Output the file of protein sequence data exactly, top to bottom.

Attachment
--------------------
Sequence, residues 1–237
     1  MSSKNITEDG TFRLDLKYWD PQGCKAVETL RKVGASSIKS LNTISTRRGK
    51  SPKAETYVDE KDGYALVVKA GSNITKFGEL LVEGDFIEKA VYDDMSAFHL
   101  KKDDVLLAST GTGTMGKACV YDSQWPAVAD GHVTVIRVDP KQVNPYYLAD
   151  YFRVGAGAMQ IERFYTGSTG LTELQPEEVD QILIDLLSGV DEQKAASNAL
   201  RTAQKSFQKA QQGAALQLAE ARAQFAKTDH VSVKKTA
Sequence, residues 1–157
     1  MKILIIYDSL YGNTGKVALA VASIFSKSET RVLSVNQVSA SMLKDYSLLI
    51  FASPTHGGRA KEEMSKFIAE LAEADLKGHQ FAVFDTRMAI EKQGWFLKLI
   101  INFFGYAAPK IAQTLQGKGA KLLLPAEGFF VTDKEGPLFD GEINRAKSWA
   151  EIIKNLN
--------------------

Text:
Sequence, residues 1–237
     1  MSSKNITEDG TFRLDLKYWD PQGCKAVETL RKVGASSIKS LNTISTRRGK
    51  SPKAETYVDE KDGYALVVKA GSNITKFGEL LVEGDFIEKA VYDDMSAFHL
   101  KKDDVLLAST GTGTMGKACV YDSQWPAVAD GHVTVIRVDP KQVNPYYLAD
   151  YFRVGAGAMQ IERFYTGSTG LTELQPEEVD QILIDLLSGV DEQKAASNAL
   201  RTAQKSFQKA QQGAALQLAE ARAQFAKTDH VSVKKTA
Sequence, residues 1–157
     1  MKILIIYDSL YGNTGKVALA VASIFSKSET RVLSVNQVSA SMLKDYSLLI
    51  FASPTHGGRA KEEMSKFIAE LAEADLKGHQ FAVFDTRMAI EKQGWFLKLI
   101  INFFGYAAPK IAQTLQGKGA KLLLPAEGFF VTDKEGPLFD GEINRAKSWA
   151  EIIKNLN